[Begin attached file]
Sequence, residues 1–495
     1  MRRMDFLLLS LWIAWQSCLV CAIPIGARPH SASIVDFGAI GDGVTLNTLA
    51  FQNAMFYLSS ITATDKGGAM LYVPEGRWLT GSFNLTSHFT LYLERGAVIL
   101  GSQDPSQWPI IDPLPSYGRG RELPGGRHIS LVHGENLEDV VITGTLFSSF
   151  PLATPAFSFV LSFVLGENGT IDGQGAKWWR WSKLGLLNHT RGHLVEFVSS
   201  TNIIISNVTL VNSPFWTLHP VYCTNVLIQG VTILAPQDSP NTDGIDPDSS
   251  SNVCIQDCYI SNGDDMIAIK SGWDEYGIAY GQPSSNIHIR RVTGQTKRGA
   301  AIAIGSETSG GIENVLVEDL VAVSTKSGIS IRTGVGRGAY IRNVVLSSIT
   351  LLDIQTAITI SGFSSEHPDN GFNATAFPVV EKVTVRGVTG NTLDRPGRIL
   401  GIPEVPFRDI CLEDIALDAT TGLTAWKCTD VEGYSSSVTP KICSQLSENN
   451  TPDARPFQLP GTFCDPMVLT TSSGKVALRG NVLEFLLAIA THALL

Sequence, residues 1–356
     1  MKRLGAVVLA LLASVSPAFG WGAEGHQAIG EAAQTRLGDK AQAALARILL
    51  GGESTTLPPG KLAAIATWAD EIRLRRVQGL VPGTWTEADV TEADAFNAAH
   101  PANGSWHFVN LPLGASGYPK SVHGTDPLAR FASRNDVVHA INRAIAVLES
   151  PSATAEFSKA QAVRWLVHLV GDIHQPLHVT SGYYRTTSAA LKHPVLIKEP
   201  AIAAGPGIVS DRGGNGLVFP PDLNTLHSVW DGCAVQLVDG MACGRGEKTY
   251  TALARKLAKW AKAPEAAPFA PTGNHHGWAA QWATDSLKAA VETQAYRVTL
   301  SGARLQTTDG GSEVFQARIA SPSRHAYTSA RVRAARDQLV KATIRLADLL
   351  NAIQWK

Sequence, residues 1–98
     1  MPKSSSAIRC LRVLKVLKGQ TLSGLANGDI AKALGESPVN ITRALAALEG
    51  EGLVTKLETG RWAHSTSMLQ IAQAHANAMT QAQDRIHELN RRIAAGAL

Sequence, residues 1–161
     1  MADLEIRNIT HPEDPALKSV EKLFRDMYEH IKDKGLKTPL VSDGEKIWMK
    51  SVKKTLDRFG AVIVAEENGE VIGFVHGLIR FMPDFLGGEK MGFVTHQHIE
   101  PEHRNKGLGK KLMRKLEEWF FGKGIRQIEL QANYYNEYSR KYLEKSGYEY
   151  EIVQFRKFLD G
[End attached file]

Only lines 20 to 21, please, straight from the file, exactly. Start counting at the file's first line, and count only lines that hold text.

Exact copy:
   351  NAIQWK

Sequence, residues 1–98